When AV approached to Mr. Wasim Khan Baloch, a Political Analyst, he said “This is sheer politics, BJP is applying its agenda of ‘Congress Mukth Bharat’ but how will they erase the contribution made by Congress leaders like Jawaharlal Nehru by changing names of institutions or roads”
However, there are some who are against naming any institute by the famous personalities. In their opinion, there is no need to give names to any educational institution after political leaders. Manoj Vijay Kulkarni, a business consultant opined, “Don’t use anybody’s name for any institution. Why can’t we recognize the things with its locations itself? At Dadar, we have Mahatma Gandhi Swimming Pool and Veer Savarkar Vegetable Market. Ironically, swimming pool should be named after Savarkar, because he swam away while vegetable market should be named after Mahatama Gandhi, who in his whole life propagated vegetarian lifestyle.”
Mr. Sumit Kashyap has very different opinion on the whole issue. A professional by work and staunched Congress supporter, Kashyap said, “Since, RSS has no contribution in building India; Modiji is trying hard to acquire some leader from other parties. He has special vendetta against Nehru – Gandhi family. So, he is trying to erase their name but even in replacement they are taking former Congress president’s name only. It only shows, RSS don’t even have one face that can be presented in public. These things expose RSS’ mentality. It’s shameful at every level.”
Dhruv Pandit, a student said, “If I have to say in short, then this shows the insecurity of BJP. They are scared of Nehru even today. They are shaken with the Nehru-Gandhi existence. Anyway, they will never succeed in changing the name. Let Swamy talk about his fantasies. BJP has even tried to omit the chapter on Nehru from the schools’ books in Rajasthan.”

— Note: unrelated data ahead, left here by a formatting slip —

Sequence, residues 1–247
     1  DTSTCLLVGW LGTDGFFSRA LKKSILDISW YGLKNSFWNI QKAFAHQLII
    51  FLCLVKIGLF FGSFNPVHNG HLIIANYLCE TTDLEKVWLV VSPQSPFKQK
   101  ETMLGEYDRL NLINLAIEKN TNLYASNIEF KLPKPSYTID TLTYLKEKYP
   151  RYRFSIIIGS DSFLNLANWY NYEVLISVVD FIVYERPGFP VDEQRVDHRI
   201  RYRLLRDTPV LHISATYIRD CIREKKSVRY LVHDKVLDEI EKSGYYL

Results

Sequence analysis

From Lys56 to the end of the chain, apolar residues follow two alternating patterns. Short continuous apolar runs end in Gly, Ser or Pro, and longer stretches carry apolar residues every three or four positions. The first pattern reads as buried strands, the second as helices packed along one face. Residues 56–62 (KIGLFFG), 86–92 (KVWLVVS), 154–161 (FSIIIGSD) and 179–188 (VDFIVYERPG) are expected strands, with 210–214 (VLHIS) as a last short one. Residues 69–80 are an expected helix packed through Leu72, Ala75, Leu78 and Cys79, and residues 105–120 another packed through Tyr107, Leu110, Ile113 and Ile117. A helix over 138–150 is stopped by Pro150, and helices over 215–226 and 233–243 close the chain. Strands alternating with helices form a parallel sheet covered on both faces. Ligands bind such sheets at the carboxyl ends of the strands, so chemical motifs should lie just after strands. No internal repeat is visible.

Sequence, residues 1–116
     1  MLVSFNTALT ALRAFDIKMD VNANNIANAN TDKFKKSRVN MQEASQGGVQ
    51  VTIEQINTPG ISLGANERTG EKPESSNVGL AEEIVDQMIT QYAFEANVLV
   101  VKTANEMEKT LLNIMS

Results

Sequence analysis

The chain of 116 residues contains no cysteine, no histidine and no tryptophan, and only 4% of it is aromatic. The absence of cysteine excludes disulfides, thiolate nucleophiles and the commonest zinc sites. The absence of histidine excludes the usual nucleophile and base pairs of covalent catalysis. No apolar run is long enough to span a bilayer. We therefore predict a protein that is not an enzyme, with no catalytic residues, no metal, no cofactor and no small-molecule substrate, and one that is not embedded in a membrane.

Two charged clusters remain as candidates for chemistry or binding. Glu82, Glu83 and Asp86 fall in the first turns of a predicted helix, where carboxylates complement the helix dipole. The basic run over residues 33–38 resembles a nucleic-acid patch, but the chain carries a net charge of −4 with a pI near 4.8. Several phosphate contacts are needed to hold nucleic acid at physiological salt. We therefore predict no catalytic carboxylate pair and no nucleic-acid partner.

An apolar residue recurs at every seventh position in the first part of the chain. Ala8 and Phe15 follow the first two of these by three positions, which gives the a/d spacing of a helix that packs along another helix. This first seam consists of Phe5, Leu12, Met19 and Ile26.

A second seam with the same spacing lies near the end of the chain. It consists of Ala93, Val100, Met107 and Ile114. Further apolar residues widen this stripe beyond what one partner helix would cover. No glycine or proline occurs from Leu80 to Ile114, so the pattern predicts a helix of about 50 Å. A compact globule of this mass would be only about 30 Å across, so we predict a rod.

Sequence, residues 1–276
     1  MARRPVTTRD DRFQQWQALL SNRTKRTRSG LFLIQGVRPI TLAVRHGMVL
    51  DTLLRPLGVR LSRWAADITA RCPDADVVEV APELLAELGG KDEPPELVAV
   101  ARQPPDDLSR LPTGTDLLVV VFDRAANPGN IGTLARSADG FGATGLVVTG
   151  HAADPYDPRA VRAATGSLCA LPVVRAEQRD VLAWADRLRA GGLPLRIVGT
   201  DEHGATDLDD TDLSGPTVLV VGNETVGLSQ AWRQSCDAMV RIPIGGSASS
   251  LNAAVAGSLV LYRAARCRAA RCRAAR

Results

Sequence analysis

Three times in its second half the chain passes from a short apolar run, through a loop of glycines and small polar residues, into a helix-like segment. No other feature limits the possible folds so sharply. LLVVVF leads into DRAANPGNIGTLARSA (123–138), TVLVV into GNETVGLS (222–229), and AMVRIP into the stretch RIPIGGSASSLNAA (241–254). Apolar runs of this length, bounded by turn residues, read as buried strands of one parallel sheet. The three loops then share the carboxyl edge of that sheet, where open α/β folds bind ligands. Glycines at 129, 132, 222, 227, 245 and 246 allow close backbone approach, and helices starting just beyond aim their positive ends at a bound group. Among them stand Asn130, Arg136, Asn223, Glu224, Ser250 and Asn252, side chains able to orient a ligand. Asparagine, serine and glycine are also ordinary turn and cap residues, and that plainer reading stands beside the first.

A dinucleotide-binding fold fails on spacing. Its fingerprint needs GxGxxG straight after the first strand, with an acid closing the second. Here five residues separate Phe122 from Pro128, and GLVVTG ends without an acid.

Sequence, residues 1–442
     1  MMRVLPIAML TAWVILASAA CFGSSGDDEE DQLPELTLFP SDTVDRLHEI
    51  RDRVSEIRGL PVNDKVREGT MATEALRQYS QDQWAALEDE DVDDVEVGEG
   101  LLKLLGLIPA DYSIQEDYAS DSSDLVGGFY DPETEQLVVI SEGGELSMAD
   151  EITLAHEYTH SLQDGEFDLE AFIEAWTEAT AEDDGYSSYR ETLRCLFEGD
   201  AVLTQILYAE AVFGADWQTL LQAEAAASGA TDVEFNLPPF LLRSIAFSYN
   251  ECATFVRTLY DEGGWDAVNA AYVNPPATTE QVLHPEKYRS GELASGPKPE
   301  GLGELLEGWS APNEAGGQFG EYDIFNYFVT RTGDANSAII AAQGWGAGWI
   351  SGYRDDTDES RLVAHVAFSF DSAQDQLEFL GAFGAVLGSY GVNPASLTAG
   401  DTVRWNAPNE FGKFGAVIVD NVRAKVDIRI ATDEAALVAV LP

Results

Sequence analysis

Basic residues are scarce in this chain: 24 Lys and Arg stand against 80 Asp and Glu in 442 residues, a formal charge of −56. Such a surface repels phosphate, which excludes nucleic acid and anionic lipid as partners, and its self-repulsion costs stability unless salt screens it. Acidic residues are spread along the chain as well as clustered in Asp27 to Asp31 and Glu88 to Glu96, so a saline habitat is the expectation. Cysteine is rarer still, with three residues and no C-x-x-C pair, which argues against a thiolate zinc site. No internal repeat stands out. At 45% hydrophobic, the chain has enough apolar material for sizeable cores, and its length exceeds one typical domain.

Suresh Nakhua, a BJP’s IT cell member supports his party’s MP’s proposal and said “It is indeed a good decision. It’s not necessary that all institutions, roads, infra projects should be named after one family. There are many freedom fighters who have contributed to our nation’s freedom struggle. I go with this proposal because people who fought for the country other than one family have been ignored for more than six decades of Congress’ misrule. It’s high time; those heroes should be given respect.”
Syed Zafar Andrabi, journalist from Jammu & Kashmir said, “Such decisions are never in the interest of the nation. Tomorrow, they will suggest to change the country’s name and such steps would create division in the country and others will personify us as a radical nation.”
Krishna Hegde, a former Congress MLA from Vile Parle said, “Changing the names of installations with former prime ministers, freedom fighters and distinguished personalities should not be done because it sends a wrong message across the country. Netaji is a revered leader and freedom fighter. Government should name an upcoming prominent scheme and policy in his honour.”